Recent reports have indicated that Apple may be making a bigger push into the car market, Nissan is again playing with paint and Toyota is trying to make getting around town a little easier.
Yesterday, the Wall Street Journal is reporting that Apple has hundreds of employees working on an electric car project — codenamed “Titan” — that will reportedly resemble a minivan and would be branded as an Apple product.
But according to a USA TODAY article, Apple might not be working on a vehicle, but rather a fully integrated dash platform to bring more iPhone functionality into new vehicles.
"Apple wants to own the dashboard," says Tim Bajarin, an analyst with Creative Strategies. "It does not want to build a car."
Last year, Apple announced the CarPlay system that brings touch-screen and voice-activated navigation to cars. The company said that many auto manufacturers had signed on to offer the system to consumers, including Honda, Dodge, Chevrolet and Ferrari.
"If Apple was going to make a car, it would be ten times easier to just buy Tesla," Bajarin says. "But Apple doesn't want a single branded experience, it wants Apple in many, many cars."
If you recall, last year Nissan unveiled innovative car paint technology it was working on to make the world’s cleanest cars. Now the company has announced it is experimenting with glow-in-the-dark cars.
USA TODAY reports that inventor Hamish Scott created a product called Starpath, a coating that absorbs the sun's rays during the day and then glows from eight to 10 hours after the sun goes down. Nissan admits it's not the first company to think of glowing cars, but it says the system it's developing is special, and believes the paint job will last on the car for 25 years.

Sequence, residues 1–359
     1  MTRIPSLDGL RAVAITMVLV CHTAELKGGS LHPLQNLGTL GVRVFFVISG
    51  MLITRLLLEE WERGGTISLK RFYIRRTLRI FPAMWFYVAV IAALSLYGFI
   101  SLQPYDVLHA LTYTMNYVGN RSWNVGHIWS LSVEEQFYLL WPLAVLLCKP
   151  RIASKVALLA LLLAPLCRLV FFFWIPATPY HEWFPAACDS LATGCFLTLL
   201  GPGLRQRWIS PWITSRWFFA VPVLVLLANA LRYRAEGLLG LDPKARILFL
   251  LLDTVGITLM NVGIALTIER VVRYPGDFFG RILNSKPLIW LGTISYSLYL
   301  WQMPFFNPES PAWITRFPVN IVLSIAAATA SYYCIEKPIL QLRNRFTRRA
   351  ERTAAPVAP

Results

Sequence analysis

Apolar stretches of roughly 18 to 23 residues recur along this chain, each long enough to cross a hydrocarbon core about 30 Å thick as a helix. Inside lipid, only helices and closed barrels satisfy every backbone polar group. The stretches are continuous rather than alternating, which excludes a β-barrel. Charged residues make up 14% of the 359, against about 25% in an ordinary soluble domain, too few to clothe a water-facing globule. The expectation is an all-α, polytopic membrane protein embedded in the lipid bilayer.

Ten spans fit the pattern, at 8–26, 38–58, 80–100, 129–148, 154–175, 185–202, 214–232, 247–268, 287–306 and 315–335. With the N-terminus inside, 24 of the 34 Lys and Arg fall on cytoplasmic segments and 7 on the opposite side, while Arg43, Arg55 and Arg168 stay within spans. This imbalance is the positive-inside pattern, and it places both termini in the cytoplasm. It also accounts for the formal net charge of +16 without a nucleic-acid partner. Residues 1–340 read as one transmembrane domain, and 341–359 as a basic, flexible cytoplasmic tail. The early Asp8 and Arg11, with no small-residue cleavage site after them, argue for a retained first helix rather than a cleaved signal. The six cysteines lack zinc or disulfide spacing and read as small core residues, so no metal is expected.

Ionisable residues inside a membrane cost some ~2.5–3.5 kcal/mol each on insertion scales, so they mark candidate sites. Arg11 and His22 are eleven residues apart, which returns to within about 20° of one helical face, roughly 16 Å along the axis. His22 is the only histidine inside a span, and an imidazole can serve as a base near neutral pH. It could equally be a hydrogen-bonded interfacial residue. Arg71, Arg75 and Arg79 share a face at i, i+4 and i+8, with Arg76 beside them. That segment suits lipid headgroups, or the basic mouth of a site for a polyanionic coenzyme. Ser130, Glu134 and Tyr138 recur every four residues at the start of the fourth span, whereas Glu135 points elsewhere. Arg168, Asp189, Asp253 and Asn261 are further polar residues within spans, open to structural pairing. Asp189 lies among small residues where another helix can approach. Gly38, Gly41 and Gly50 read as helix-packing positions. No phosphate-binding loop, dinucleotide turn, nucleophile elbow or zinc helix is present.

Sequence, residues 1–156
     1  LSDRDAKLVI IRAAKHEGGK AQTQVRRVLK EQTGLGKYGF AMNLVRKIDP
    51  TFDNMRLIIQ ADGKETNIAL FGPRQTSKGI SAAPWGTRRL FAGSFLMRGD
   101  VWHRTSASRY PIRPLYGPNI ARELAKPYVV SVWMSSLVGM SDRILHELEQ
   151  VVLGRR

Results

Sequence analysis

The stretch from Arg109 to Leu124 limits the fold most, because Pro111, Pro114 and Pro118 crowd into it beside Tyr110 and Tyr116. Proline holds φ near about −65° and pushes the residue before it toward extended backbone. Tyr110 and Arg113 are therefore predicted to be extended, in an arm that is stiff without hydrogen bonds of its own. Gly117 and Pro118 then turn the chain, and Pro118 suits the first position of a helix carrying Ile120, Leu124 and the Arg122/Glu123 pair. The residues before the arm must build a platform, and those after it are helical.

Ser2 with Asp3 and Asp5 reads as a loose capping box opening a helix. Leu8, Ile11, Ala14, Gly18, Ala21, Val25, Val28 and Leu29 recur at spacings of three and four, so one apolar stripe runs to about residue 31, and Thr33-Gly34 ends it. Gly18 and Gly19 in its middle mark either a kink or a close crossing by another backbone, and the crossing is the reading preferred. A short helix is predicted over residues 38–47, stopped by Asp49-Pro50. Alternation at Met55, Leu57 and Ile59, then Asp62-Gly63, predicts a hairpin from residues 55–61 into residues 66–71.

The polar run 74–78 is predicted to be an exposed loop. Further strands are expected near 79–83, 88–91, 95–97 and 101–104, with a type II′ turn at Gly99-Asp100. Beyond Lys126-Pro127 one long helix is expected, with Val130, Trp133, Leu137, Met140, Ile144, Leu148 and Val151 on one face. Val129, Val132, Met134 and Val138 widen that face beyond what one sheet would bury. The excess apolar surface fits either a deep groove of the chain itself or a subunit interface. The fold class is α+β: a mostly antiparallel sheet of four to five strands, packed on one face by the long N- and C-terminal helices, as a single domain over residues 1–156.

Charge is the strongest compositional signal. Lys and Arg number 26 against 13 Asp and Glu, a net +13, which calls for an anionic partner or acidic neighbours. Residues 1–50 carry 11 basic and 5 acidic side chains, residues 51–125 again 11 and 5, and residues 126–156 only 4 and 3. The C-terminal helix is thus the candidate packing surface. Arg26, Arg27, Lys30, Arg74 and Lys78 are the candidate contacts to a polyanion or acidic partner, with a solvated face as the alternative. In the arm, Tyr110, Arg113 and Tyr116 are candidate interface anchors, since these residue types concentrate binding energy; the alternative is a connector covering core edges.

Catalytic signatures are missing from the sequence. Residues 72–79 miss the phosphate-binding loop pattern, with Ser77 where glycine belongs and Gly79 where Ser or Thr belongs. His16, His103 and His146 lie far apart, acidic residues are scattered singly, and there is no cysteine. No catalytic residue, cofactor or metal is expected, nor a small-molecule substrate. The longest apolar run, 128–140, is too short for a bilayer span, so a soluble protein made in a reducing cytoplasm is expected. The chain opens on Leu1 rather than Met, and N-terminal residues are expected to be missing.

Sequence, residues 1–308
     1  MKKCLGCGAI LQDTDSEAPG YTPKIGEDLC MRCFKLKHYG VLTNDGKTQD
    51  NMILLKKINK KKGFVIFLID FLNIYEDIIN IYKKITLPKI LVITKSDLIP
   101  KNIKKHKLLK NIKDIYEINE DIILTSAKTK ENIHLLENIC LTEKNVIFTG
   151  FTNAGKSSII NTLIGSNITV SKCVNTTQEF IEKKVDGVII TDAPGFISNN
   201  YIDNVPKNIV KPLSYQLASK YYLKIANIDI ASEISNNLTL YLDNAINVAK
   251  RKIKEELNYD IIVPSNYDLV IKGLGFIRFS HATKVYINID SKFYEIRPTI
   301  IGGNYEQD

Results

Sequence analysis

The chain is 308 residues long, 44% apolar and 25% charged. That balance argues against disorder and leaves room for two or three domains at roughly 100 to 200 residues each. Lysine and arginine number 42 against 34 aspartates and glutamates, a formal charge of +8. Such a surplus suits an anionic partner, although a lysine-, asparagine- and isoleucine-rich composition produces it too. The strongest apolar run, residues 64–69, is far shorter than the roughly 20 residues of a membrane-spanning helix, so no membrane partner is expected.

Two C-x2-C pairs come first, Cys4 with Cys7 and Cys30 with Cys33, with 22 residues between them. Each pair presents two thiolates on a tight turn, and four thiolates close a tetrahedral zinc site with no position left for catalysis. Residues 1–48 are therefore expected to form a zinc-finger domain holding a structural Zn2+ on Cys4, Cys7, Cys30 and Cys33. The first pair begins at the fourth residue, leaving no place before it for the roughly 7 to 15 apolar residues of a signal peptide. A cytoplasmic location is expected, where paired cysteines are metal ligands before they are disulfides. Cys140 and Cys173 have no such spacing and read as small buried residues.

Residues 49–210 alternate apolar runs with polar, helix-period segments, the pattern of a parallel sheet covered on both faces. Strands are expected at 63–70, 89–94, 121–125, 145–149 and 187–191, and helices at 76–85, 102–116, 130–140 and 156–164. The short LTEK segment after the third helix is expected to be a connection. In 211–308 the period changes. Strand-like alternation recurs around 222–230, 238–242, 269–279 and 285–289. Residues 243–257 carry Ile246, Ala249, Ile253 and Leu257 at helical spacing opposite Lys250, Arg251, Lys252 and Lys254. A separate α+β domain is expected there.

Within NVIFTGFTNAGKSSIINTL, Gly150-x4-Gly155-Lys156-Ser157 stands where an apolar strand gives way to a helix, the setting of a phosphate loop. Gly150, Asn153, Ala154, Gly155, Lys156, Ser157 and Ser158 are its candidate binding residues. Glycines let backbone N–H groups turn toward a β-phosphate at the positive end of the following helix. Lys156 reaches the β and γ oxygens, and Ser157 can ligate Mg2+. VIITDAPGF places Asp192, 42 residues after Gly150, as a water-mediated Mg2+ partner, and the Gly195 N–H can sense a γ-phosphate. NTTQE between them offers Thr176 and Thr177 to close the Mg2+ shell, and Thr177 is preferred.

To help address some of the issues of clogged city traffic, Toyota has unveiled its i-ROAD concept vehicle. The i-ROAD is an innovative, three-wheel personal electric vehicle equipped with revolutionary Active Lean technology that emulates the movements of a skier. i-ROAD is designed to be as agile as a scooter, but with the enclosed-canopy comfort of a car.
According to a USA TODAY report:
"The entire vehicle is under three feet wide and if you absolutely have to, you can cram a small to medium sized person in the back. It tops out at about 37-miles per hour — pedal to the medal — and can only go about 30-miles on one charge, which means it's for close city driving and not much else. The idea though is not to replace its pioneering hybrid Prius or best-selling Camry, but rather to give people an alternate way to dodge around in clogged lanes like a bike messenger, but with more a "mom van" type safety feel."
While Toyota is currently testing the i-ROAD on the roads of Grenoble, France in a car-sharing pilot program, the company is unsure when, if ever, the vehicle will go on sale or how much it will cost.
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